Ferrante and El-Badawi win Township Committe seats in Cranbury

ANDREW HARRISON/STAFF

The Cranbury Township Committee will continue to maintain a Democratic majority in 2022 after the elections of Mike Ferrante and Eman El-Badawi.

Following the Nov. 2 General Election, Democrats Ferrante and El-Badawi held off Republican challengers Robert Bolger and Cynthia Hughes-Smithers for two seats on Cranbury’s governing body, which each carry a three-year term.

According to unofficial results posted online from the Middlesex County Clerk’s Office, as of press time on Nov. 9, Ferrante, who serves as Cranbury’s mayor in 2021, received 960 votes, and El-Badawi received 901 votes.

Bolger, a Republican opponent, had earned 692 votes, and Republican Hughes-Smithers received 686 votes.

There were 13 write-in votes cast as of Nov. 9.

The Nov. 2 election was held with vote-b- mail ballots, with early in-person voting in late October, and with in-person voting on Nov. 2.

According to Middlesex County, Nov. 9 was the last day for mail-in ballots to be tabulated. Provisionals ballots are still being processed. There were 10,325 total for Middlesex County and 67 for Cranbury, as of press time.

“There can also be cured ballots, with signature issues, that could be counted by Nov. 15,” said Arianna Rosales, communications coordinator for Middlesex County.

The results for the two open seats, each carrying a three-year term, are unofficial until certified by Middlesex County.

Ferrante, who is set to retain his seat and a second term on the Township Committee, said he is very honored that the citizens of Cranbury elected him to a second term.

“It will give me an opportunity to continue some important projects that are in progress: the library construction, the lake dredging, and the effort to improve complete streets safety in our town,” he said. “I will continue to focus on transparency in local government and improved town-wide communication.”

He said he looks forward to seeing what the Economic Development Advisory Committee will bring to Cranbury’s 325th celebration in 2022, and he will work to keep the village area a vibrant, walkable retail zone.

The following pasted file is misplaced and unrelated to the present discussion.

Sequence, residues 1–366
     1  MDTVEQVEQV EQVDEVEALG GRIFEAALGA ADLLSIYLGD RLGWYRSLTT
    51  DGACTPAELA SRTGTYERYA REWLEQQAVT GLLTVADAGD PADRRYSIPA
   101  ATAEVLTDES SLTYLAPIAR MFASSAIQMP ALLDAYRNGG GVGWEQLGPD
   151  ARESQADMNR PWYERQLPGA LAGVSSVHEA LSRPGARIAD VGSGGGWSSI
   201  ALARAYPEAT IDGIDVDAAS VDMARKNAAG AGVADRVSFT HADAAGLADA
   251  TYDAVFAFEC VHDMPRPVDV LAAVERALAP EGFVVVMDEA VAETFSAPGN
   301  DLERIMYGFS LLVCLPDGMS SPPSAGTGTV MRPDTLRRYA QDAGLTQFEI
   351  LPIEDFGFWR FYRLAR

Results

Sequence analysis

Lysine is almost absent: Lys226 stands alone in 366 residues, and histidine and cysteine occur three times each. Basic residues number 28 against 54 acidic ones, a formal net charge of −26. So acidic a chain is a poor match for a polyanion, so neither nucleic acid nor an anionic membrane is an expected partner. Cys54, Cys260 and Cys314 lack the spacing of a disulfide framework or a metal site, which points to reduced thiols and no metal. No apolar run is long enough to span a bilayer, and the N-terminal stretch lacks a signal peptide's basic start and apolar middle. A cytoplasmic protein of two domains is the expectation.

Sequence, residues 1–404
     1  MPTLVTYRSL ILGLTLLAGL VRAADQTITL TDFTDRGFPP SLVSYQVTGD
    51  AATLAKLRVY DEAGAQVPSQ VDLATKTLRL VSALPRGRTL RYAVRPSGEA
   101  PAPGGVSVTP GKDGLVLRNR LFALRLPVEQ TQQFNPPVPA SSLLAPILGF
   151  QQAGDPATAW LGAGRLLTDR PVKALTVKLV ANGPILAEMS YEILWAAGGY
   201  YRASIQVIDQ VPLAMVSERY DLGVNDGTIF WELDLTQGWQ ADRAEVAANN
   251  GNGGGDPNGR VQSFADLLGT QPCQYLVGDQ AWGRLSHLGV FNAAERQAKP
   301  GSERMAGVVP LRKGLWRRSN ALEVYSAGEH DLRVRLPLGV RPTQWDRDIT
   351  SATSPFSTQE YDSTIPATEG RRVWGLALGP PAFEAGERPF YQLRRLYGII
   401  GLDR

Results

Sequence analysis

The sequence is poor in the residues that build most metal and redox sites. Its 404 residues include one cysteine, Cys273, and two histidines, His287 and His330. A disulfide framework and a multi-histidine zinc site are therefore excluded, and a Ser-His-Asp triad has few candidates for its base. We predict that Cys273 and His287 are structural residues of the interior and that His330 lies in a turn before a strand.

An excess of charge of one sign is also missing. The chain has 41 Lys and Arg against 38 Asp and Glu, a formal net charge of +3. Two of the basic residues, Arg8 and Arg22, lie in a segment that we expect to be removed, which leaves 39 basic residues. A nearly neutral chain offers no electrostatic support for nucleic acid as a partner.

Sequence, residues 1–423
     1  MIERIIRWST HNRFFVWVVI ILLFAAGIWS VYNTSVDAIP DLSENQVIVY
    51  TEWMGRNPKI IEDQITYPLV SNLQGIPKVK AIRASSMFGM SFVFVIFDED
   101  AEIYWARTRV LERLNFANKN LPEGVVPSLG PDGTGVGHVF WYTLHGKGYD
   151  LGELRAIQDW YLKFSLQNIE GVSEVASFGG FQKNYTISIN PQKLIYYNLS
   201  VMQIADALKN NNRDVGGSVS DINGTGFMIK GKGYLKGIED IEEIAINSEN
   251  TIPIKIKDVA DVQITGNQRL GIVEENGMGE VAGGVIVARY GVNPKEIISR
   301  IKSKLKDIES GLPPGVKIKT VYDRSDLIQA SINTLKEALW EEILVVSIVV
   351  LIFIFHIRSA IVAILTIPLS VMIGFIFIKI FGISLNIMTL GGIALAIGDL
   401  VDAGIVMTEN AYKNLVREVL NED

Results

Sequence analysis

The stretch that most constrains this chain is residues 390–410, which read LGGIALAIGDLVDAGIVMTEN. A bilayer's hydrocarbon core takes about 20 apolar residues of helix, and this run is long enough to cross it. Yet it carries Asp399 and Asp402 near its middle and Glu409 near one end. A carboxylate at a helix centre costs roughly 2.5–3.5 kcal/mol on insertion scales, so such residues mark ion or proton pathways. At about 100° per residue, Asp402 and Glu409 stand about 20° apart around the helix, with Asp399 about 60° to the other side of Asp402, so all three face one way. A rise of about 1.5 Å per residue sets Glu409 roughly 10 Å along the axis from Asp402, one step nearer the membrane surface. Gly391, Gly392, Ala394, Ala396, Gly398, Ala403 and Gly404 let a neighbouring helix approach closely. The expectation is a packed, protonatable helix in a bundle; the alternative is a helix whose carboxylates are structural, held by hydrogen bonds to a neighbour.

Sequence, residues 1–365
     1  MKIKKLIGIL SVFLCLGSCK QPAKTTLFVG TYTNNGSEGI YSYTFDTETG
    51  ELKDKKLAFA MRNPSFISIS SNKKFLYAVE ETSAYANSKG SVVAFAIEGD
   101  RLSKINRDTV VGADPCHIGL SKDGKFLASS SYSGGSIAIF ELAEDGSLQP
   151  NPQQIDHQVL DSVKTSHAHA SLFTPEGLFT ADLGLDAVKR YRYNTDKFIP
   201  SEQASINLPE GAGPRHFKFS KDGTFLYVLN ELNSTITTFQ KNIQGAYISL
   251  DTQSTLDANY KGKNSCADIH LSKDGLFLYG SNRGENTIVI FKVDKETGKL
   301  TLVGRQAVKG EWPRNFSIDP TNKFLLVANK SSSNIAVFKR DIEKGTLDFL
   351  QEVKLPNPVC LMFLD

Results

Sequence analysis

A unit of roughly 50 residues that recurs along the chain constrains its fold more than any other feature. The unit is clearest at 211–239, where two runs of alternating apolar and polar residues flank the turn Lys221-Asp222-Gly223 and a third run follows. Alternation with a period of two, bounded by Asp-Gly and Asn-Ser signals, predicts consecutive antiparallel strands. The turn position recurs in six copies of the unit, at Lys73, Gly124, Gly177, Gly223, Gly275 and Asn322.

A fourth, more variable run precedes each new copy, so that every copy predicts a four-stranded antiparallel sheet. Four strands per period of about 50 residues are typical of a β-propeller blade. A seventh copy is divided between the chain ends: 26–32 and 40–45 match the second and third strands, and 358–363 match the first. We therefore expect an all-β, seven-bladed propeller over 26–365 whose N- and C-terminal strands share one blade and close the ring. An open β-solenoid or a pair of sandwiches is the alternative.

“I hope to continue the annual session on ‘De-mystifying Local Government’ as well. Finally, I will continue to work to make sure everyone feels welcome and included in our town,” he said.

“Ours is a town of volunteers, and many of the people who do the heavy lifting of volunteer work in our town will soon want to make way for the next generation of volunteers, so I hope to expand the circle of volunteers in town.”

Ferrante added that the governing body will have turned over completely from four years ago, with new voices and fresh energy seeking to make Cranbury the best it can be.

“It has been my greatest honor to serve the residents of Cranbury, and I look forward to serving our town for a second term,” he said.

El-Badawi, a newcomer to the Township Committee, will serve her first term of public office once she is sworn in.

“As a regular volunteer in Cranbury, a seat on the Township Committee will expand my ability to serve this community,” she said. “Being a non-traditional candidate, I was humbled by the overwhelming support I received during the election process. This support speaks volumes towards Cranbury’s commitment to elect the best candidates to the Township Committee.”

In 2022, after the reorganization meeting, she will join two other women on the governing body, Democrat Barbara Rogers and Republican Evelyn Spann, as they will be the majority on the five-member Township Committee and serve alongside Ferrante and Township Committeeman Matt Scott, a Democrat.

“I’d like to spend my time on the Township Committee addressing issues that I campaigned on. I look forward to continuing my outreach to residents and youths to encourage their increased participation in township activities,” El-Badawi said. “Additionally, I’d like to address some of our crumbling infrastructure, including roads, sidewalks and storm drains. Supporting our team tasked with assessing and improving our township resilience to natural disasters will be critical.”